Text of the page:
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Uncredited: Graphic Design & Opening Titles in Movies [With DVD] Har/DVD Edition

4 customer reviews
ISBN-13: 978-8496309524
ISBN-10: 8496309525
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Editorial Reviews

More than 1000 films, more then 300 credits sequences, more than 200 creators . . . An indispensable piece of work in order to gain a global knowledge of one of the best known, yet least recognized specialties of the graphic world. This book presents the background to the present, future and inevitable trends of motion graphics. UNCREDITED is the first text to give a general and historic insight into the role which graphic design plays in films, from the dawn of cinema to present day. It presents a critical analysis of the opening title sequences, thus throwing light on the typographic work and composition of anonymous designers or of those rarely credited. An analysis which as well as revisiting the best known artists such as Saul Bass, Pablo Ferro, Maurice Binder and Kyle Cooper, uncovers the incursion of prestigious designers into this specialty such as Tibor Kalman, Mklton Glaser, David Hillman, Juan Gatti and Simon Taylor.

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Product Details

  • Hardcover: 320 pages
  • Publisher: Index Book; Har/DVD edition (January 2008)
  • Language: English
  • ISBN-10: 8496309525
  • ISBN-13: 978-8496309524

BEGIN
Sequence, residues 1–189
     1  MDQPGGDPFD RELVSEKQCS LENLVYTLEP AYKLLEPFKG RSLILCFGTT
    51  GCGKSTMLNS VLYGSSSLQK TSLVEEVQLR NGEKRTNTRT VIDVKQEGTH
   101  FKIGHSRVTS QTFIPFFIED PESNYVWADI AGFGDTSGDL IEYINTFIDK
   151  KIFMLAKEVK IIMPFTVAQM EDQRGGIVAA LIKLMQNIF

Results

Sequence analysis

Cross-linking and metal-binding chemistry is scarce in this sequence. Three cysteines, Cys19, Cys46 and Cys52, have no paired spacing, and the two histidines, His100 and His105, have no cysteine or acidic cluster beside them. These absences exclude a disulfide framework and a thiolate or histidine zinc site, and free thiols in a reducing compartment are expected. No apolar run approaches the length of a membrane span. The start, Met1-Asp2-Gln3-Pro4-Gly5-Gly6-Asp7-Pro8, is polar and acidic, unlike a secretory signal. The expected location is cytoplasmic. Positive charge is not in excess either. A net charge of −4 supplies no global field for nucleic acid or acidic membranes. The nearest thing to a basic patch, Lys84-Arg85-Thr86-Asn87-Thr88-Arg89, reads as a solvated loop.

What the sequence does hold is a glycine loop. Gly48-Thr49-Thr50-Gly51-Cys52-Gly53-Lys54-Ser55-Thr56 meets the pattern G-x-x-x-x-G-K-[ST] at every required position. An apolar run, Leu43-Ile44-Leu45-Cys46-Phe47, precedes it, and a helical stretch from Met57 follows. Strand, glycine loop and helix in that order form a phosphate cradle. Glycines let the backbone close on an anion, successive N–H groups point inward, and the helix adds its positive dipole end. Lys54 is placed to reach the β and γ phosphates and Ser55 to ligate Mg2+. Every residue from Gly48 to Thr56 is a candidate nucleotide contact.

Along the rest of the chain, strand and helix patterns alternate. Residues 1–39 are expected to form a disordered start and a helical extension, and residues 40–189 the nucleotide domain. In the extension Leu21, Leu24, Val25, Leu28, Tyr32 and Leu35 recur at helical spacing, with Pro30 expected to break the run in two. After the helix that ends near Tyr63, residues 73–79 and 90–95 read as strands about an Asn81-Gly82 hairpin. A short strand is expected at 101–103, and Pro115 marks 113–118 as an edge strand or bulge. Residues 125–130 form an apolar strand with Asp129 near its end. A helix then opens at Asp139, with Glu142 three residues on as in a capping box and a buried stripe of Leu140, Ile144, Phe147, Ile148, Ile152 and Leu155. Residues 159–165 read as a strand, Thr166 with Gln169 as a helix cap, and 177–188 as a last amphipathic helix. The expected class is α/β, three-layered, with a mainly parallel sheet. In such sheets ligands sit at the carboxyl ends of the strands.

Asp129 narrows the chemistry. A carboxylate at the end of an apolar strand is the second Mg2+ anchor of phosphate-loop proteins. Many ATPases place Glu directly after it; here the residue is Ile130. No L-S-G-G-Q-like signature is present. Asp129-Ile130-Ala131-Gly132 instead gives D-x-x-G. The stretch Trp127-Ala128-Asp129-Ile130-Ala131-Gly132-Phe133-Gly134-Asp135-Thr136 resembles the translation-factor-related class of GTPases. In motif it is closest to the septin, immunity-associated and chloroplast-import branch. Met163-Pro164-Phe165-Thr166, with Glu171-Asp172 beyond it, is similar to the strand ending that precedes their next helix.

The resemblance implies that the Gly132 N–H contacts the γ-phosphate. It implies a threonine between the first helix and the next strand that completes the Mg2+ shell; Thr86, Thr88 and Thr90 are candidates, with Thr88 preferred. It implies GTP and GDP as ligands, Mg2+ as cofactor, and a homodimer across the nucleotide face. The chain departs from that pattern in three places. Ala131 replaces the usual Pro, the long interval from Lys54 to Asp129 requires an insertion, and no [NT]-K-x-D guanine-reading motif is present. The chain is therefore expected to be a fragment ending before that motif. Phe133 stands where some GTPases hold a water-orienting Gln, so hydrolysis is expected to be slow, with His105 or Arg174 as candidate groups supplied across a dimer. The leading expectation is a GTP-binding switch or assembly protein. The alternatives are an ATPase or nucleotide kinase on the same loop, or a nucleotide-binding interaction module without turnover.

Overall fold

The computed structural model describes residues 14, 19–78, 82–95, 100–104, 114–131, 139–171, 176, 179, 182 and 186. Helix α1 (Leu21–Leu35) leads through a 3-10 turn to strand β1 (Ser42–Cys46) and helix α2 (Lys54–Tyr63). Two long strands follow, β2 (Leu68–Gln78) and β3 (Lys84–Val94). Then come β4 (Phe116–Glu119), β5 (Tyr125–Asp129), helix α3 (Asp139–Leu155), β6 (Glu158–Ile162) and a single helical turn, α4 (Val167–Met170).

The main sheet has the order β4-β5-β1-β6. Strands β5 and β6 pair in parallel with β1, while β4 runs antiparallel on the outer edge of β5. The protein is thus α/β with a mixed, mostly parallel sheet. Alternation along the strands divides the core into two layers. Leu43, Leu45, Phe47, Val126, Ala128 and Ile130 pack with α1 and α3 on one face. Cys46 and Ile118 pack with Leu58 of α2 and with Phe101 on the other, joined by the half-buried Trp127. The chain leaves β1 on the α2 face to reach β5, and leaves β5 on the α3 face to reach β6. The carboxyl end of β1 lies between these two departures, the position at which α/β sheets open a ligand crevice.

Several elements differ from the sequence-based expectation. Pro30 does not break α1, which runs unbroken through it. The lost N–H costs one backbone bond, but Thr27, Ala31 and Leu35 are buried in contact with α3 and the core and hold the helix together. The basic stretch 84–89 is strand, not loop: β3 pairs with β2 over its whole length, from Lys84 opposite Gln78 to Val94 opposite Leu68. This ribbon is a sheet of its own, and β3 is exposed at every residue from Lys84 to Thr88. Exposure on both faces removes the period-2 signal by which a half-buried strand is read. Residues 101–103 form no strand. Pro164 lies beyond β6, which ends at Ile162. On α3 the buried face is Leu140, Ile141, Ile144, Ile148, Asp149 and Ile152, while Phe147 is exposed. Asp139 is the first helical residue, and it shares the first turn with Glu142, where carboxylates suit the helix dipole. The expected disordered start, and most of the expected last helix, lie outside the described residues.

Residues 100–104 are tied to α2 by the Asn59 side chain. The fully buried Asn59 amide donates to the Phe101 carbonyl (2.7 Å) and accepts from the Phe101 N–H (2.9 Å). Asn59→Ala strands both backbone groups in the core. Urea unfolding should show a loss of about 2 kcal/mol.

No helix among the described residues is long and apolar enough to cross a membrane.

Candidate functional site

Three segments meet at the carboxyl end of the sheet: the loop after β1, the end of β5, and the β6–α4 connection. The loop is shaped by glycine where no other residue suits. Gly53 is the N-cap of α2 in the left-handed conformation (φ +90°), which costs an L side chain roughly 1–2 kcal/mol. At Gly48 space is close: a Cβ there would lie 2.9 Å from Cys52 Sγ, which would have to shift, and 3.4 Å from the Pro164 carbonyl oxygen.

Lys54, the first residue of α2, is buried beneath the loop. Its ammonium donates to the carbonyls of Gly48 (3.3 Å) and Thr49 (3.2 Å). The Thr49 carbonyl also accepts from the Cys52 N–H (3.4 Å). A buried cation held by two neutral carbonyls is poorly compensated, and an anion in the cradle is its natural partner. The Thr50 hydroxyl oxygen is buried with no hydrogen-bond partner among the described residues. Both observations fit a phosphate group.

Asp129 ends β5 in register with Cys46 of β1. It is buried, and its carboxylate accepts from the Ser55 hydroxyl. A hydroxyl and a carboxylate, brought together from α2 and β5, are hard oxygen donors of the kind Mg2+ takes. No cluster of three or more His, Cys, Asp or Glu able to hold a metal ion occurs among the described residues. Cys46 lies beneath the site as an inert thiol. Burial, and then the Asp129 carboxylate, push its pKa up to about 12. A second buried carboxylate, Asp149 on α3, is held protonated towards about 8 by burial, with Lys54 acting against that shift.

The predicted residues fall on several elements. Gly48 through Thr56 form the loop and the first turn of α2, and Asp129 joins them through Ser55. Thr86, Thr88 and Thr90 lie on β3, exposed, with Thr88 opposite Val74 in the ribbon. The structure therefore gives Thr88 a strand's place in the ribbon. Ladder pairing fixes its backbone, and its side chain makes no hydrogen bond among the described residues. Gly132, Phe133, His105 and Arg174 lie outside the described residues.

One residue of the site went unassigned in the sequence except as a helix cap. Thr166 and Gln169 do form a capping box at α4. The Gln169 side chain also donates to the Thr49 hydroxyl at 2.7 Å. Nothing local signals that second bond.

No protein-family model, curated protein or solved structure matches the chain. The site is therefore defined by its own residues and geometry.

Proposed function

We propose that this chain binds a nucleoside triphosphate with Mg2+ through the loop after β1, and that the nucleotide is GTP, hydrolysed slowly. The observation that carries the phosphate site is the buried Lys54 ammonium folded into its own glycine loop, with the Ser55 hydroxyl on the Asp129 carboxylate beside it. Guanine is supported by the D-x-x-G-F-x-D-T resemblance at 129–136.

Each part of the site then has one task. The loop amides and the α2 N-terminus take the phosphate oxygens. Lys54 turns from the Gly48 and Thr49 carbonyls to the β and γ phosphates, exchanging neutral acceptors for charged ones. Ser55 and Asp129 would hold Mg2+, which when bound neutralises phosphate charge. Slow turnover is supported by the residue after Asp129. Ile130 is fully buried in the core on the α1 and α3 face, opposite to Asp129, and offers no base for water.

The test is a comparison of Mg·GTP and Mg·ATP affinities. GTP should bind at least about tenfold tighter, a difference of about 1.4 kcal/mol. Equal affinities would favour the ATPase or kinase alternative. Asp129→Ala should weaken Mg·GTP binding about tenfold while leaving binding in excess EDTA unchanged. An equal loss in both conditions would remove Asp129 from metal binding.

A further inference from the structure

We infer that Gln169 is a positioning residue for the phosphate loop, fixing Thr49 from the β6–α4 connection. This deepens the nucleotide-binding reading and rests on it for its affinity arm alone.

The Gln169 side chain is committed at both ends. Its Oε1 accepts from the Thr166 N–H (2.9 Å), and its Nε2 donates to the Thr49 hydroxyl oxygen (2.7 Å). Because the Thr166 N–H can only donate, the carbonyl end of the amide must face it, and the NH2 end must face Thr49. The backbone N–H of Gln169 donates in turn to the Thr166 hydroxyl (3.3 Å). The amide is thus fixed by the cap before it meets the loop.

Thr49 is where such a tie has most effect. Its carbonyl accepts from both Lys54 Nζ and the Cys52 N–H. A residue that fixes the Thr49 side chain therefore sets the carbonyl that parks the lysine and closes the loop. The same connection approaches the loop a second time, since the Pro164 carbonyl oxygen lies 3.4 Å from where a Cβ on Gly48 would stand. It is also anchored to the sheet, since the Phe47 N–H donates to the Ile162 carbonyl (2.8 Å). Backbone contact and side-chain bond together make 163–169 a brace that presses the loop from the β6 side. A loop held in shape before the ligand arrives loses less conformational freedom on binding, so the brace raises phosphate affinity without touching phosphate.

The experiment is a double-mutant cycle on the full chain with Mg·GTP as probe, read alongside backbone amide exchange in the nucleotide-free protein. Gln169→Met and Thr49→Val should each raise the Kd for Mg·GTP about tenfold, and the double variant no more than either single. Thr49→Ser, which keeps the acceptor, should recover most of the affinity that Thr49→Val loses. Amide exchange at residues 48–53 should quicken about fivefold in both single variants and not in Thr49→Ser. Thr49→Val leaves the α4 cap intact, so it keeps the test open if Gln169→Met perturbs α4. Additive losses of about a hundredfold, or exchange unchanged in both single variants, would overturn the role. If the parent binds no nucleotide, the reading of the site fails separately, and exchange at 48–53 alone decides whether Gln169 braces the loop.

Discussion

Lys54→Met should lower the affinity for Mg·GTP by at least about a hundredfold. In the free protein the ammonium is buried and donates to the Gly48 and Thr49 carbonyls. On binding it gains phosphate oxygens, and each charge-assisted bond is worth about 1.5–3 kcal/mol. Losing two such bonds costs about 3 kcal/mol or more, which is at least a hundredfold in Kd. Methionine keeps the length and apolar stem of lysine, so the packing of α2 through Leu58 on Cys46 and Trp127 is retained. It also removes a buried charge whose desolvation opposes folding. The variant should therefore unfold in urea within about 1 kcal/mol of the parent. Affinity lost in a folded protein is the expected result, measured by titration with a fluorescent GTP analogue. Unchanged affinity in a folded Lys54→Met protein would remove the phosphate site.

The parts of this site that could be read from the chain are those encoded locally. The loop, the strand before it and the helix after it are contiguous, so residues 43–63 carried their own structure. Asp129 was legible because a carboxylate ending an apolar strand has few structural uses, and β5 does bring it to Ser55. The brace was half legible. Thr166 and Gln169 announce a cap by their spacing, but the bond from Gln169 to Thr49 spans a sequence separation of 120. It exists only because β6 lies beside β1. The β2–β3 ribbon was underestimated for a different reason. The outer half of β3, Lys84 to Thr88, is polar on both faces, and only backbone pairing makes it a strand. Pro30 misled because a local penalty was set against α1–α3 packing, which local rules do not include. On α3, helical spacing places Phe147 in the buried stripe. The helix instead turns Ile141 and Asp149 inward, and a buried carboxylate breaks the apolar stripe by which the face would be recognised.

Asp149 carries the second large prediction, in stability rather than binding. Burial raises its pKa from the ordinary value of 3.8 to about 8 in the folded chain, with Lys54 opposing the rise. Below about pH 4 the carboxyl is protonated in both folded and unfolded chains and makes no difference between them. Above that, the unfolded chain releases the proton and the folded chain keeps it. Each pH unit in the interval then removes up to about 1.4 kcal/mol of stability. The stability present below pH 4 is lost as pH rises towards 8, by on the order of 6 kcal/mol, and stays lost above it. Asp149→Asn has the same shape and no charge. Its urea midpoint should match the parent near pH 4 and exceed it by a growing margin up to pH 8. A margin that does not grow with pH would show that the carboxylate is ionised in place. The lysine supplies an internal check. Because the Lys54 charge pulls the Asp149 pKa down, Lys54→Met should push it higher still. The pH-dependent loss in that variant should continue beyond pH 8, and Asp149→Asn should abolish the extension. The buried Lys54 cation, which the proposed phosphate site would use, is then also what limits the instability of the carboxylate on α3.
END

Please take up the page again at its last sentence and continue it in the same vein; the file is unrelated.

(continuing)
• Product Dimensions: 12.1 x 9.8 x 1.4 inches
  • Shipping Weight: 5 pounds
  • Average Customer Review: 2.8 out of 5 stars  See all reviews (4 customer reviews)
  • Amazon Best Sellers Rank: #3,464,359 in Books (See Top 100 in Books)

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Customer Reviews

Most Helpful Customer Reviews

8 of 8 people found the following review helpful By PeterGrarg on October 5, 2010
Format: Hardcover
acts as a prime example of a title sequence picture book. The initial statement that "we are unaware of the existence or publication of any study to offer a general overview on the topic" (p.10) does note excuse complete ignorance of wide range of in-depth academic works, magazine article and books published since at least the 1970s by authors such as Allison, Böhnke, Charney, de Mourgue, Gardies, Harris, Hüser, Johnson, King, Kuntzel, Odin, Porfirio and many more. While the collection of sequences and the accompanying historical and biographical information are undoubtedly valuable if superficial, and some insightful and potentially original viewpoints are expressed regarding for example film titles as brand images, few of them are based on existing theory and research, but on relatively uninformed personal impressions and opinions. Information is often presented without basis in empirical research, which also becomes apparent when considering the rather incomplete bibliography. Lastly the included Quicktime video files are of such low quality that they hardly allow the viewer to read the actual titles, let alone identify the typeface or technique employed. I do not regret buying it, mainly due to the vast number of title sequences and screenshots collected, however the writing style, translation, inaccurate assumptions and quality of video provided seriously diminish the value of this publication.
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9 of 10 people found the following review helpful By Robin Benson on March 23, 2008
Format: Hardcover